STRATHAM — It was up on a rise overlooking an old cornfield and a shag bark hickory tree that golf great Arnold Palmer met the members of the Golf Club of New England.

The event, held under a white tent to shade the 150 guests from the sweltering sun, was billed as a ground-breaking for the millionaires’ golf club, which will cover 450 acres of Stratham and Greenland when it is done. And although Palmer never laid a hand on a shovel at the event, he did touch a lot of hearts. “He’s the most gracious man I have ever met,” said John M. Kehoe Jr., president and chief executive officer of The General Chemical Group and GCNE’s president. “This is great,” agreed Craig Benson, founder of Cabletron Systems in Rochester.

Introducing Palmer to the crowd underneath the tent, Kehoe called it “an absolutely unadulterated thrill. “This is the finest ambassador of the game of golf ever,” he said. He also announced that the road leading from Winnicutt Road to the new course will be named Arnold Palmer Drive. GCNE hired Palmer Course Design Company to design the chic, state-of-the-art course. Palmer, who stood beside the makeshift stage, bowed graciously at the honor of having the road named for him. And when he took the stage, the golf great brought laughs from the crowd.

The levity came when a GCNE member asked if Palmer would return for the opening of the course next year. “When we open this up, will you come up and play the first round of golf with us,” the man asked. “God hopes I will,” joked Palmer, apparently referring to his 71 years and his health. “I don’t even buy green bananas anymore,” he quipped. Palmer called the rolling Stratham and Greenland fields and forest that will be created into fairways “fantastic.”

In fact, Kehoe said Palmer’s enthusiasm for the Stratham site is the reason they chose his design company to build it. “When you come to New Hampshire and have a piece of property like this, it makes you drool,” said Palmer, whose company builds six to 12 golf courses a year. “The naturalness of this land is going to make it a classic golf course.” Palmer, who just finished the Fleet Boston Classic on Sunday, a Senior PGA Tour event, will compete in the U.S. Senior Open on Thursday at the Salem Country Club in Peabody, Mass.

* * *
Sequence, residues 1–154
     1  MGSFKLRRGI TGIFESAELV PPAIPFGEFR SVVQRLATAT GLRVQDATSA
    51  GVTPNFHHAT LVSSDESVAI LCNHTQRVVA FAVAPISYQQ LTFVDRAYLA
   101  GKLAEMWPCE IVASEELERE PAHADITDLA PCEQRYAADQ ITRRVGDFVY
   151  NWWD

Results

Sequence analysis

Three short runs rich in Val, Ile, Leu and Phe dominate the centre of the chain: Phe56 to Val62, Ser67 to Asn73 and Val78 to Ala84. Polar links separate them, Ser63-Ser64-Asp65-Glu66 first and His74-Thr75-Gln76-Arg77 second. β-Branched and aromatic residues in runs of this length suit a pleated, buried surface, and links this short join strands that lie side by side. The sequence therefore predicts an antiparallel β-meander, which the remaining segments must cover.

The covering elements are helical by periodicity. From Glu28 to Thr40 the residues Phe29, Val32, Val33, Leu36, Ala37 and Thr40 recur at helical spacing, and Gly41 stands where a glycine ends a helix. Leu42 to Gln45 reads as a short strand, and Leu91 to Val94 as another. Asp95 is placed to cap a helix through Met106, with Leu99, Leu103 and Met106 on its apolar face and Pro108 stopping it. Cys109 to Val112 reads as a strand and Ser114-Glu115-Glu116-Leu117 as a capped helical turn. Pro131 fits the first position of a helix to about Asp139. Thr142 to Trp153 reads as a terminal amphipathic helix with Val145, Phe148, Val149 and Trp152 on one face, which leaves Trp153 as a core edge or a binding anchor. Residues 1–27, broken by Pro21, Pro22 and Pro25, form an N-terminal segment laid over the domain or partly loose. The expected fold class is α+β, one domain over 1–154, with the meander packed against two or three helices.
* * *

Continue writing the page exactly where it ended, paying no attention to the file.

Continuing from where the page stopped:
Brian DeVellis, the design consultant who went through two years of permit-seeking to make the golf course come true, said he was happy to see Monday arrive. “It’s been a long haul,” he said, smiling. GCNE spokesman Brad Sweet called yesterday’s event a great success. “It was unbelievable.” More than 140 members have shelled out $55,000 each to join the posh new club. They were joined yesterday by local officials and the press for the Palmer visit. Kehoe announced that GCNE expects to receive its final Army Corps of Engineers permit mid-week and will begin building the golf course in earnest by week’s end.

The 18-hole, 7,200-yard, 72-par golf course will feature a $4 million golf clubhouse. In addition to the clubhouse, the Stratham side of the course will include 10 member homes and four of the 18 holes. The maintenance buildings will also be located in Stratham.

A total of 146 acres of the golf course are in Stratham. The remaining 295 acres are in Greenland. The 12,000-square-foot clubhouse will feature an 18-table dining room that can accommodate 72 diners.

The founding fathers of the club are Craig Benson, founder of Cabletron Systems in Rochester; Stephen W. Foss, chairman and chief executive officer of Foss Manufacturing Co.; John M. Kehoe Jr., president and chief executive officer of The General Chemical Group; Neil Garvey, president of Tyco Submarine Systems; and L. Dennis Kozlowski, chairman and chief executive officer of Tyco International.

By Susan Nolan | Exeter Newsletter

Massachusetts Office:
EDGE Sports Global LLC
900 Worcester Street
Wellesley, MA 02482

Florida Office
EDGE Sports Global LLC
28031 Winthrop Circle
Bonita Springs, FL 34134